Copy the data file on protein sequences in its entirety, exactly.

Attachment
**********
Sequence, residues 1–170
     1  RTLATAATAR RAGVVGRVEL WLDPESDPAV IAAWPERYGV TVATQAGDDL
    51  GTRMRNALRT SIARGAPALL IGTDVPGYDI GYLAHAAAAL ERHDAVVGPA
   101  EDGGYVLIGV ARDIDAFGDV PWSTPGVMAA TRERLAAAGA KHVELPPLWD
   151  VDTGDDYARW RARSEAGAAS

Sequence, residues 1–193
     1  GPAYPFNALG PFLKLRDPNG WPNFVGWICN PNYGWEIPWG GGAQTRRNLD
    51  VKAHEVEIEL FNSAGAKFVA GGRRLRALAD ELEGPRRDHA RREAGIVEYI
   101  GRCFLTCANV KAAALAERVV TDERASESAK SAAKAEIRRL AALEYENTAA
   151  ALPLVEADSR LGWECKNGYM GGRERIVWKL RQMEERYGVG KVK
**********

Sequence, residues 1–170
     1  RTLATAATAR RAGVVGRVEL WLDPESDPAV IAAWPERYGV TVATQAGDDL
    51  GTRMRNALRT SIARGAPALL IGTDVPGYDI GYLAHAAAAL ERHDAVVGPA
   101  EDGGYVLIGV ARDIDAFGDV PWSTPGVMAA TRERLAAAGA KHVELPPLWD
   151  VDTGDDYARW RARSEAGAAS

Sequence, residues 1–193
     1  GPAYPFNALG PFLKLRDPNG WPNFVGWICN PNYGWEIPWG GGAQTRRNLD
    51  VKAHEVEIEL FNSAGAKFVA GGRRLRALAD ELEGPRRDHA RREAGIVEYI
   101  GRCFLTCANV KAAALAERVV TDERASESAK SAAKAEIRRL AALEYENTAA
   151  ALPLVEADSR LGWECKNGYM GGRERIVWKL RQMEERYGVG KVK